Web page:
A particularly interesting artifact from the Solomon Temple reign of King Uzziah of Judah, c. 750 BC, is a small ivory pomegranate - vase shaped with a long neck and petals. Around its shoulder, in an early Hebrew script, is inscribed "Sacred donation for the priests of the House of the Lord ". Like the Temple Ostracon and the David Tablet, this item is also held at the Israel Museum.

                            
The Temple Pomegranate                            The Joash Tablet

                                                  

The Joash Tablet

Recently, the press and media have been discussing another inscribed tablet that was discovered in the summer of 2000 at Jerusalem's Temple Mount. The find was made by Islamic Trust renovators of the El-Aqsa mosque which occupies part of the Haram el Sharif (Noble Sanctuary) site, and the tablet is know held by an Israeli collector.

Partially broken, the Arkosic Dead Sea sandstone tablet measures 31 x 24 x 7 cms, and carries 15 lines of text written in ancient Hebrew with elements of Aramaic and old Phoenician. It describes repairs to Solomon's Temple as ordered by Solomon's descendant, King Joash of Judah in the 9th century BC.

Joash (Jehoash) reigned about 839-799 BC and, in accord with this, carbon-14 dating by Israel's Geological Institute, under Shimon Ilani, has authenticated the inscription as being around 2,800 years old. The Institute's director, Amos Bean, reported that they had discovered flecks of gold burnt into the stone, indicating that it was probably in the Temple when the building was destroyed by invading Babylonians in about 586 BC.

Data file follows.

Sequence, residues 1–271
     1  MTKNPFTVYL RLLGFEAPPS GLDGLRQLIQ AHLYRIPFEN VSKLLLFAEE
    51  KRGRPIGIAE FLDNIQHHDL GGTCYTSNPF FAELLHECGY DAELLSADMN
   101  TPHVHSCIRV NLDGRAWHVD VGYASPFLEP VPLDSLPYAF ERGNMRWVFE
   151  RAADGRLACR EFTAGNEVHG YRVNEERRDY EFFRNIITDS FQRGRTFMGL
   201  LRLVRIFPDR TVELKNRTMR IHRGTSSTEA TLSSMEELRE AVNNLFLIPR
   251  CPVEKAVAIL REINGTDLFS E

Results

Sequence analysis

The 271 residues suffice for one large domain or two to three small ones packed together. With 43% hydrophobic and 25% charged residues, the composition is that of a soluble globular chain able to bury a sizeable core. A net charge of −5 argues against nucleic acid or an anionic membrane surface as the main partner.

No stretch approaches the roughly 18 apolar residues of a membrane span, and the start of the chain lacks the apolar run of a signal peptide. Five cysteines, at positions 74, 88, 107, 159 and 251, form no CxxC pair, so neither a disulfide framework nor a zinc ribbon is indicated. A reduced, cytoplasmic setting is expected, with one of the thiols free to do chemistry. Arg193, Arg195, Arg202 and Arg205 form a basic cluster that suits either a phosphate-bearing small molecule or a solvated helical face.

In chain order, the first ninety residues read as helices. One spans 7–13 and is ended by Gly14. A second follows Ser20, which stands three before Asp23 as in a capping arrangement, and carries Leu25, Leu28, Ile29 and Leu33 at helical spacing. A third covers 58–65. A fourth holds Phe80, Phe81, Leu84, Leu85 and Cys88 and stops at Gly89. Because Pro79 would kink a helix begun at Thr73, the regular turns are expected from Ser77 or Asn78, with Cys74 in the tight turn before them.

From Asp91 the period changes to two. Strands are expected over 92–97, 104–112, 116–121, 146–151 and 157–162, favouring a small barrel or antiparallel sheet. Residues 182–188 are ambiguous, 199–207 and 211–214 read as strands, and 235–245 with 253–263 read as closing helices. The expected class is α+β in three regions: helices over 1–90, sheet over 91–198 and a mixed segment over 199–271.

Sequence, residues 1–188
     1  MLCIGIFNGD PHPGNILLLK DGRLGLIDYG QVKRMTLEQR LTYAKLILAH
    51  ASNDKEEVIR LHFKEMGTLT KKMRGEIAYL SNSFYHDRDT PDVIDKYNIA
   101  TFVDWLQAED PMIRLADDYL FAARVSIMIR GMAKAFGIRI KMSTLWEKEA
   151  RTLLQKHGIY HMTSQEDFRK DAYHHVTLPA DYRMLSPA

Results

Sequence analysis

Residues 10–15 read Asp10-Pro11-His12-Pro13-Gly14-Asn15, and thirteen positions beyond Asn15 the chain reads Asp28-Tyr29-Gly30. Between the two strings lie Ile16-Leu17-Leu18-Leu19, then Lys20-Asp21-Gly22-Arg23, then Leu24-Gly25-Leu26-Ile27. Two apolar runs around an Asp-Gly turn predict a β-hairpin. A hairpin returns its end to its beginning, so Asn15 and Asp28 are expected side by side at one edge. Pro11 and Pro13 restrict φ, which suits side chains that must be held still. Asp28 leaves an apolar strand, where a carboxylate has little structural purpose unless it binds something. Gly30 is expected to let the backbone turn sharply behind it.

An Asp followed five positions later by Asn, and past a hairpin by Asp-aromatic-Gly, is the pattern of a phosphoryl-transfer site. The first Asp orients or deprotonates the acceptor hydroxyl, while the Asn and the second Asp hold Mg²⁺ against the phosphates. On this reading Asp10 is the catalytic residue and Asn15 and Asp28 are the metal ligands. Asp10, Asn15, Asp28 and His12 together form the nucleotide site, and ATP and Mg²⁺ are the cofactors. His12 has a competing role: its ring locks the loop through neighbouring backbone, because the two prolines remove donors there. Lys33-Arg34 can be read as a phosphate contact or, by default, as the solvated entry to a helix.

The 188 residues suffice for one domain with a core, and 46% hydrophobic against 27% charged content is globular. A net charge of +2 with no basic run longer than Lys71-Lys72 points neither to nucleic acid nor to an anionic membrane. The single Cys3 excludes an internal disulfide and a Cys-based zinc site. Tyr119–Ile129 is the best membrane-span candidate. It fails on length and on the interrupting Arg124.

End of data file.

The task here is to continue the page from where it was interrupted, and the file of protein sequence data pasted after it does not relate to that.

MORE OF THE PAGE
In line with the Bible text of 2-Kings 12:1-6 and 11-17, the tablet describes how the King instructed the priests to "take holy money … to buy quarry stones and timber and copper and labour to carry out the duty with faith."

The Vessel and the Vine

In the header graphic of this page are two Jerusalem coins from the distant BC years - one which bears a chalice, and the other a bunch of grapes.

From around 3500 BC, a chalice (or ceremonial cup) was the hereditary symbol of the Mesopotamian "Gra-al" - the royal bloodline of the ancient kings and queens. In subsequent Israelite times, the descending family line (which became the dynasty of the House of David) was classified as The Vine. Psalm 80:8 reads, 'Thou hast brought a vine out of Egypt: thou hast cast out the heathen, and planted it'. In the New Testament Gospel of John 15:1 Jesus states, "I am the true vine".

Hence it was that, the concept of the Grail (Gra-al) bloodline was romantically symbolized as the Vessel (female) and the Vine (male). The fruit of the vine is the grape - and from the grape comes wine. In this respect, the symbolic elements of the chalice and the vine coincide, and this tradition sits at the very heart of the Eucharist (Holy Communion) sacrament.

From Mesopotamian and Israelite foundations the Grail customs moved westwards into both Pagan and Christian lore, but notwithstanding this it is interesting to note that following the latter-day reinstatement of the State of Israel in 1948, these old emblems of the Royal House of Judah - the dynasty of David and Solomon - were brought back into play on newly introduced coins that replicated their originals in times long before.